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The Coey Motor Company
The Coey Motor Company (initially organized as Coey-Mitchell Automobile Company) built an American Automobile called the Coey Flyer and three Coey Cyclecars. Charles Andrew Coey, automobile expert and manufacturer built the Coey automobiles in Chicago from 1913 to 1917.
Charles A. Coey was also a balloonist, race driver and Thomas Flyer agent in the early 1900s. In addition he owned a garage, operated a taxi cab business, rented cars and operated a driving school. Advertising claimed “The Coey Flyer Is The Result Of Over 15 Years Of Automobile Experience and Careful Research”.
1913 Coey Flyer
The very first Coey Flyer was called the Model A. It had a wheelbase of 96 inches and a tread of 56 inches. It was a two seater Roadster equipped with a 18 Horsepower four cylinder engine. A smaller Coey Model A with a 42 inch tread was classified as a Cyclecar. Later models were called the Flyer Four (24 horsepower 4 cylinders) and the Flyer Six (48-60 horsepower 6 cylinders). Both engines were a high grade, light, strong and powerful. Produced from 1913 to 1915, both were four passenger Touring Cars capable of 2 to 68 MPH.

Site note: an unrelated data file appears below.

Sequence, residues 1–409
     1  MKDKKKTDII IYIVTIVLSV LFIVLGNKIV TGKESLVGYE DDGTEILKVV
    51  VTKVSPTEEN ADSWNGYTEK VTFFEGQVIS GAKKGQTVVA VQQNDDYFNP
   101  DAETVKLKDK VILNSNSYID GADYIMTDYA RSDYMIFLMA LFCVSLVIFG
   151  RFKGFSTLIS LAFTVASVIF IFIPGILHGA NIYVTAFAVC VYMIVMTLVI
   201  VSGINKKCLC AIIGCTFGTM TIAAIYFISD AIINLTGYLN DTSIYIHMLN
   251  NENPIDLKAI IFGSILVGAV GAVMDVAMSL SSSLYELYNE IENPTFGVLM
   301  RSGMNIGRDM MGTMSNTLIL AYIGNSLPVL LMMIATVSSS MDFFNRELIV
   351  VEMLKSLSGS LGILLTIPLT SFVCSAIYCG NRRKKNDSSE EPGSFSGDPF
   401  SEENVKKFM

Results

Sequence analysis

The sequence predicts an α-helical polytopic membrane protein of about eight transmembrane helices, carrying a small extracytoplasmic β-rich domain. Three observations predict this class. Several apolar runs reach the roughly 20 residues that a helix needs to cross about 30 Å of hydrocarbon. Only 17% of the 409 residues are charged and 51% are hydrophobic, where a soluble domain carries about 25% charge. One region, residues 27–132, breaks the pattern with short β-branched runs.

1913 Coey Touring Car
The Coey Flyer specifications included 124 inch wheelbase, 56 inch tread, 36 inch x 4 inch wheels and tires, 2,730 pounds, Schebler Model L carburetor, three speed Harry C. Stutz transmission, presto starter and a price of $2,000.00. Addition options included top, front glass, curtains, 5 lamps, tools, air pump and jack. Body colors consisted of bottle green, golden brown and Coey white.
Coey Flyer Advertisement
In 1916 The Coey Motor Company introduced a new 2 passenger Roadster and 4 passenger Touring Car. Both were equipped with a 16 horsepower 4 cylinder engines. Material shortages during World War 1 forced this American Automobile company out of business.
Restored Coey Flyer